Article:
The event was planed for 24th of July but Neptune wasn’t in the mood for such entertainment. Accustomed to caprices of the sea, the fishermen were not to weep and the regatta was postponed for few weeks. Meanwhile in Giruliai at the Schmits Hall, a family gathering of fishermen was attended by 160 members and guest of Fishermen Association. It is interesting that one female has presented – Mrs Klimkaitienė from Ventė cape was among the representatives.

After the official speeches of Governor Kubilius and other guests, the fishermen sat down around the dinning tables. Then congratulating addresses began from the fishermen themselves. Mr Zeigys, a representitive from Karklininkai, was first to speak.

In his speech, he also accused Neptune of being so austere and not allowing fishermen to race so he has suggested to cut Neptune’s beard. When he spoke, the curtain was risen and all the gathering saw a lively scene: Neptune was holding his trident being surrounded by two mermaids by his sides and there was a fishermen ready to trawl the amber in a background. At once few fishermen attacked Neptune, one of them grabbed Neptune’s beard while another one offered some schnapps to Neptune and finally they forced Neptune to promise them to give a better weather next time.

Whether Neptune was angry for a cropped beard or it was too much of schnapps so he has forgotten his given promise but the fishermen regatta took place in Giruliai after few months, not weeks – on September 19.

Fishermen from Melnragė, Karklininkai, Šaipiai, and Nemirseta took part in the regatta – in total 14 sailing boats (six in the first division and eight in the second division) and 3 rowing boats. Names of the winners are same as last year – Mr Bastians and Mr Kurmis – but first names differs now. The winner of the second division Mr Endrius Kurmis told about his achievement the following:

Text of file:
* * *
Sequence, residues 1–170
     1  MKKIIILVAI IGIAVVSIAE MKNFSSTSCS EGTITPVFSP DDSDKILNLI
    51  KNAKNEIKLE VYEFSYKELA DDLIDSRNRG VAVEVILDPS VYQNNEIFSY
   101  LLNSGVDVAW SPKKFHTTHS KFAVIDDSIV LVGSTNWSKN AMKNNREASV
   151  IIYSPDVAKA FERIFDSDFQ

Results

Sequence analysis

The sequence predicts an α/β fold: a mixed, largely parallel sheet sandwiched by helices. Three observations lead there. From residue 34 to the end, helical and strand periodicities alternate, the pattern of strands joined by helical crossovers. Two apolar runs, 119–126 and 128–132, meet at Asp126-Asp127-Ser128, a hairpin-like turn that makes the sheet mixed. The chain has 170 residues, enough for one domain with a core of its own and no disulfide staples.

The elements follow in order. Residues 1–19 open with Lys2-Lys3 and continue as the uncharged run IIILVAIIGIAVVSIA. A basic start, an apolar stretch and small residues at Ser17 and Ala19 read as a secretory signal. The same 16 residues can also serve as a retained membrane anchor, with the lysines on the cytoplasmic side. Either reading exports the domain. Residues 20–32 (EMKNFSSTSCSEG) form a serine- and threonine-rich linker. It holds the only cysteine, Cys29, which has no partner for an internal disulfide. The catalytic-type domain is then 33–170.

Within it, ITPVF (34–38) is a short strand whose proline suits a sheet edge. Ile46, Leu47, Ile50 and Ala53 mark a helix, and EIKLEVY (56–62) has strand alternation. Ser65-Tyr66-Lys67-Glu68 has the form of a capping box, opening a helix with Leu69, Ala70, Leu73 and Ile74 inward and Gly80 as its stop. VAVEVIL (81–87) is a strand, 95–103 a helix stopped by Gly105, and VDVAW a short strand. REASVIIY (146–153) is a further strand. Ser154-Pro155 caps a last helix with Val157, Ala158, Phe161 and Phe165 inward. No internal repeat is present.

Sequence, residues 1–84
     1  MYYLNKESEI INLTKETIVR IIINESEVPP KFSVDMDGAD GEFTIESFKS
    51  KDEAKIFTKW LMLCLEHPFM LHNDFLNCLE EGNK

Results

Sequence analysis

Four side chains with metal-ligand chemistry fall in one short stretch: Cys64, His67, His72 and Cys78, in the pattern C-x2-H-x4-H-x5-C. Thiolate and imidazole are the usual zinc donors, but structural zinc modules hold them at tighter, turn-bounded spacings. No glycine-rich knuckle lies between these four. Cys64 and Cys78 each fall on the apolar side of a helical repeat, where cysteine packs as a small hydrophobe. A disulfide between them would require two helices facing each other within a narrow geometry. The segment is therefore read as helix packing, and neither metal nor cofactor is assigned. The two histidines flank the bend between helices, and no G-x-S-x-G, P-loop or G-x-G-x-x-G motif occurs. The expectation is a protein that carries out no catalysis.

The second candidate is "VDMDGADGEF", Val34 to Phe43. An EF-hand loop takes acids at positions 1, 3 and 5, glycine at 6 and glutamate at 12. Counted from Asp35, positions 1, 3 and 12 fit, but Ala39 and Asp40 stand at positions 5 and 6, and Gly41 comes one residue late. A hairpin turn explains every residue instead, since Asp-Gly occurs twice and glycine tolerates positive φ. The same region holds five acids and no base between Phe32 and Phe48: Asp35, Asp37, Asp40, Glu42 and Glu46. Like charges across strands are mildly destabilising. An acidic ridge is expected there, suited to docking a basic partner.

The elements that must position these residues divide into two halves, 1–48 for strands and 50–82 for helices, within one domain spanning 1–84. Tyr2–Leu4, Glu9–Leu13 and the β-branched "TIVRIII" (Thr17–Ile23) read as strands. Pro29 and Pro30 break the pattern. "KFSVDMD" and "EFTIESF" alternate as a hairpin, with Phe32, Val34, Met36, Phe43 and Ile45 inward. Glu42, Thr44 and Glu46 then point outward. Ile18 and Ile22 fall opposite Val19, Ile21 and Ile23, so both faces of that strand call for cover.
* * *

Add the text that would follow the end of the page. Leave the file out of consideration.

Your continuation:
I won first place third time in a row. Last year I won in the regatta, this year in Palanga race and now again. I’ve been lucky but it is hard to win. It’s true, I don’t need to row but I need to handle the sails and, you see, there are five sandbags, each weighting 2 quintals. When sailing, you need to move these sandbags from board to board to prevent broaching. We had to brace ourselves so much. But it is good we have started last. Initially we got lost at start but later outraced others and came first.

The winner in the larger sailing boats division, 57-year-pepper-and-salt Mr. Ansas Bastian, didn’t show his joy of winning so obviously and that’s what he said with a serious face:

It’s a great sport in the regatta and we never haven’t done that before, as it’s only a second year we race. But it is fun not only to the young but also to the old fishermen to race on holidays.

Fishermen’s boats on shore in the beginning of 20th century. From the collection of Lithuanian Sea Museum

After a hard competition, Mr Mikas Tydeks, President of Melnragė Fishermen Association, has invited all participants and guests of the regatta to the sitting-room to join awards ceremony at the long dinning tables.

During the event, to the Melnragė Fishermen Association, Mr Zabielavičius handed a flag bearing the words “We stand on guard for our coast“.

The flag was taken by Mr Mikas Tydeks who thanked Mr Zabielavičius for his care of fishermen and also said:

I will hold the flag as long as I live. Not alone but we all will. Let this flag be a symbol of our unity. We, the fishermen, will stand firmly on guard for our coast!

In 1938 the fishermen regatta returned to Karklininkai. On August 6, 14 sailing boats and 2 rowing boats have raced. By the way, one sailing boat got dis-masted and had to withdraw from the race. And the winners are from the same families: Mr Bastians, Mr Kurmis, and Mr Šuišelis.

That year the regatta closing was complimented by the Karklininkai Chapter of Santara Non-Governmental Organization which arranged united bonfire and cultural program: the orchestra, few theatrical plays, recited poems, and songs to sing.